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ALS in the News
Protein Structure of Key Molecule in DNA Transcription System Deciphered Print
Sunday, 03 July 2011 00:00

Scientists have deciphered the structure of an essential part of Mediator, a complex molecular machine that plays a vital role in regulating the transcription of DNA.

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Scientists have deciphered the structure of an essential part of Mediator, a complex molecular machine that plays a vital role in regulating the transcription of DNA. (Credit: Indiana University School of Medicine)

Magnetic memory and logic could achieve ultimate energy efficiency Print
Friday, 01 July 2011 00:00

Future computers may rely on magnetic microprocessors that consume the least amount of energy allowed by the laws of physics, according to an analysis by University of California, Berkeley, electrical engineers.

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In magnetic contrast images (top) taken by the Advanced Light Source at Lawrence Berkeley National Laboratory, the bright spots are nanomagnets with their north ends pointing down (represented by red bar below) and the dark spots are north-up nanomagnets (blue). The six nanomagnets form a majority logic gate transistor, where the output on the right of the center bar is determined by the majority of three inputs on the top, left and bottom. Horizontal neighboring magnets tend to point in alternate directions, while vertical neighbors prefer to point in the same direction. (Image: Jeffrey Bokor lab, UC Berkeley)

Watching particles' jekyll-to-hyde transformation Print
Tuesday, 21 June 2011 00:00

Whether the abundant atmospheric specie malonic acid stays in a stable keto form or twists into a highly active enol form depends on the amount of water it finds in the atmosphere, according to researchers at the University of Iowa and Pacific Northwest National Laboratory.

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An abundant atmospheric species, malonic acid transforms from the stable, nonreactive keto form to the highly reactive enol form at elevated relative humidity. The reactive enol form is 4 to 5 orders of magnitude more abundant in the atmosphere than was expected from aqueous chemistry.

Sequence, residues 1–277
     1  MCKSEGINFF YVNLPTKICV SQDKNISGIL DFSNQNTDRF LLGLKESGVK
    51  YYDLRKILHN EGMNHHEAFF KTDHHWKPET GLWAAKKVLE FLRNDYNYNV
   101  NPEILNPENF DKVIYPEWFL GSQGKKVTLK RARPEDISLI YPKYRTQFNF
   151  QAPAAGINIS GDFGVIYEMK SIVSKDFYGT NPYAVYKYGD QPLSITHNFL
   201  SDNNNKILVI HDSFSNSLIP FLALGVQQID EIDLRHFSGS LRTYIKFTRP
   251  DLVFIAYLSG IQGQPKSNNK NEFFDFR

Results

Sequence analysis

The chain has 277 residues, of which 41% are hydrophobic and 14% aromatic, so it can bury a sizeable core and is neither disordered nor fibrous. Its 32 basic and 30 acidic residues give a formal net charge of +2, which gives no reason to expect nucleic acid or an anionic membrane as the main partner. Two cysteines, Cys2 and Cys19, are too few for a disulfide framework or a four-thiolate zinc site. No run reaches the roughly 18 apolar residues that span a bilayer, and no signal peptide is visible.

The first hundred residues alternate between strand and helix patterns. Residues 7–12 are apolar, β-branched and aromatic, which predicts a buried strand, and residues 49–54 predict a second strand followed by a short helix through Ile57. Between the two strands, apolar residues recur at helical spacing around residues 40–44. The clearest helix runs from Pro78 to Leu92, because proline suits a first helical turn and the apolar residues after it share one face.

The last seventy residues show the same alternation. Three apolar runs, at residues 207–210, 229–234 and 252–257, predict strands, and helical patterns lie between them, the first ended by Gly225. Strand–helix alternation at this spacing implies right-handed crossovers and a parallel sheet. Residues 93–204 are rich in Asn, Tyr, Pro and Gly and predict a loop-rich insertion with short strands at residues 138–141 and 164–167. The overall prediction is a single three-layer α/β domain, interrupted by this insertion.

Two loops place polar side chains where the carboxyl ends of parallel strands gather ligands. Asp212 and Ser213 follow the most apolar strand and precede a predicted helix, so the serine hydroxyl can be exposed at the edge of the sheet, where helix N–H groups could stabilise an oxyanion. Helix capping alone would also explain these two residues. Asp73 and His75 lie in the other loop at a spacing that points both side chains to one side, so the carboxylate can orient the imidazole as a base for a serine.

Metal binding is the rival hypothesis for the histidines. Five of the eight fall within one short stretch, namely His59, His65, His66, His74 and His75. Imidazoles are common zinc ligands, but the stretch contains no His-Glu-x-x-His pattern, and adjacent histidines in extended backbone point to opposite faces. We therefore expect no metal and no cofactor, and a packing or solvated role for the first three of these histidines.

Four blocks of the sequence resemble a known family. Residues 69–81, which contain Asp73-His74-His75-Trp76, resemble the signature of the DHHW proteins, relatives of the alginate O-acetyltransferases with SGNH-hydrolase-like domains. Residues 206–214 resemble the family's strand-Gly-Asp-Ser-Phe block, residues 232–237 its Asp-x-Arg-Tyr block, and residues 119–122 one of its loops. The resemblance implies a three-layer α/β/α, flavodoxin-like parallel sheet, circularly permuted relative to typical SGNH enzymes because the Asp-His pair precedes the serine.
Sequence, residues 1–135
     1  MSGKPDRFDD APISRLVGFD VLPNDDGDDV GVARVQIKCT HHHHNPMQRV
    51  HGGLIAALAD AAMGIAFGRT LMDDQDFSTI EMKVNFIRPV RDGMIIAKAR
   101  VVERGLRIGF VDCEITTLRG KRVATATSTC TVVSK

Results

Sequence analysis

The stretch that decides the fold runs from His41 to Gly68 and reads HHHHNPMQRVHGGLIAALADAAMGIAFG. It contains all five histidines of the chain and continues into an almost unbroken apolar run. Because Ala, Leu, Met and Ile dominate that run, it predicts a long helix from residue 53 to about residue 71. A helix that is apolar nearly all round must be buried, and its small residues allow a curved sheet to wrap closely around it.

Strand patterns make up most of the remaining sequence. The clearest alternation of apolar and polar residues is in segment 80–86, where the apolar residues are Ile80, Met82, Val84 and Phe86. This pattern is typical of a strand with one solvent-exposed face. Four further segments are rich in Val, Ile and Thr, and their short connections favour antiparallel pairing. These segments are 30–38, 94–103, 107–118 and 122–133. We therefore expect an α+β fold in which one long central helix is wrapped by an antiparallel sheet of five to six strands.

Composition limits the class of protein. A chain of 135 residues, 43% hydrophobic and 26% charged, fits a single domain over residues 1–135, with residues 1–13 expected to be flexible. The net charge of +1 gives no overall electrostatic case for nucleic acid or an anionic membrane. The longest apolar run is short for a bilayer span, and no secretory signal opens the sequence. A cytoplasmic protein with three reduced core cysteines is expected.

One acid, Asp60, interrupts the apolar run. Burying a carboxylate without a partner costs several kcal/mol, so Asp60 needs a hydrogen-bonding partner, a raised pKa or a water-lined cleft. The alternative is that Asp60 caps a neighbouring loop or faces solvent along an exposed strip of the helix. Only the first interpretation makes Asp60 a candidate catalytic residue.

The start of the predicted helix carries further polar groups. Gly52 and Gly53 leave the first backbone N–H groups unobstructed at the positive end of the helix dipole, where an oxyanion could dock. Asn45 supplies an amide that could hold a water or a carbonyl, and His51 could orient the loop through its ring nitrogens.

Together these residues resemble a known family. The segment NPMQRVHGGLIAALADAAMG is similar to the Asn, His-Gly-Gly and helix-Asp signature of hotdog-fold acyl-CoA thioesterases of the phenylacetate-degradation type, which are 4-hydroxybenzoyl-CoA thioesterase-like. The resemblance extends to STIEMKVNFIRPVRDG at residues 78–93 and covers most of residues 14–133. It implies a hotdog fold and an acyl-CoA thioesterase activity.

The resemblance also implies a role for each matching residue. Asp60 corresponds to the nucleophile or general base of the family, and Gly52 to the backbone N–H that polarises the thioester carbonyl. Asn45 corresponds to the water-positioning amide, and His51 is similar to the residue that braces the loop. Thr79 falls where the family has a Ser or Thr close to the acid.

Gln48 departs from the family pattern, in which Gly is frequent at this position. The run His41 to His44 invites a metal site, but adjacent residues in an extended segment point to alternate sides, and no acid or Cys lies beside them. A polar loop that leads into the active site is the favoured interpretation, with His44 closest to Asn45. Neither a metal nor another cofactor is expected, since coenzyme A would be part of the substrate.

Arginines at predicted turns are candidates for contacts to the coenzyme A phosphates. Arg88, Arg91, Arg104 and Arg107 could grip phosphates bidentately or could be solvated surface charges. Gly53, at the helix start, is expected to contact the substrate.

Meteorite holds clues to organic chemistry of the early Earth Print
Thursday, 09 June 2011 00:00

Carbonaceous chondrites are a type of organic-rich meteorite that contain samples of the materials that took part in the creation of our planets nearly 4.6 billion years ago, including materials that were likely formed before our Solar System was created and may have been crucial to the formation of life on Earth.

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Fundamentals and Applications of Aerosol Spectroscopy Print
Wednesday, 09 March 2011 16:36

The book Fundamentals and Applications of Aerosol Spectroscopy, recently published by Taylor and Francis Books, Inc., boasts two chapters in the "UV, X-Ray, and Electron Beam Studies" section written by Berkeley Lab researchers, highlighting a significant amount of work completed at ALS Beamlines 11.0.2, 5.3.2, and 9.0.2.

An Energy-Saving Magnetic Fridge? Perhaps, but First Some Basic Research Print
Thursday, 08 July 2010 16:13

Forget the magnets on your fridge. How about a magnet in your fridge, one that keeps your leftover pizza cold while consuming less energy than today’s refrigerators?

It could happen. But don’t expect to buy an energy-saving magnetic fridge at Home Depot tomorrow, or even in five years. Scientists must first gain a better understanding of a phenomenon called the giant magnetocaloric effect, in which a changing magnetic field in a material causes its temperature to drop precipitously.

Berkeley Lab's Sujoy Roy has spent the last few years uncovering the secrets of the phenomenon by studying alloys that experience a pronounced magnetocaloric effect. He uses Berkeley Lab’s Advanced Light Source, a national user facility that generates light brighter than the sun to probe the fundamental properties of substances, down to the atomic level. Read the full article.

Berkeley Lab Wins Four R&D Awards Print
Thursday, 08 July 2010 16:05

Four inventions from the U.S. Department of Energy’s Lawrence Berkeley National Laboratory have been recognized with the R&D 100 award for 2010 from R&D Magazine, which recognizes the 100 most significant proven technological advances of the year.

Winners include an international collaboration that included Berkeley Lab scientists Frank Ogletree, Hendrik Bluhm, Zahid Hussain and Miquel Salmeron, working at Berkeley Lab’s Advanced Light Source (ALS), developed a novel lens system that makes possible the use of X-ray Photoelectron Spectroscopy technology under pressures and humidities similar to those encountered in the natural environment. Read the full article.

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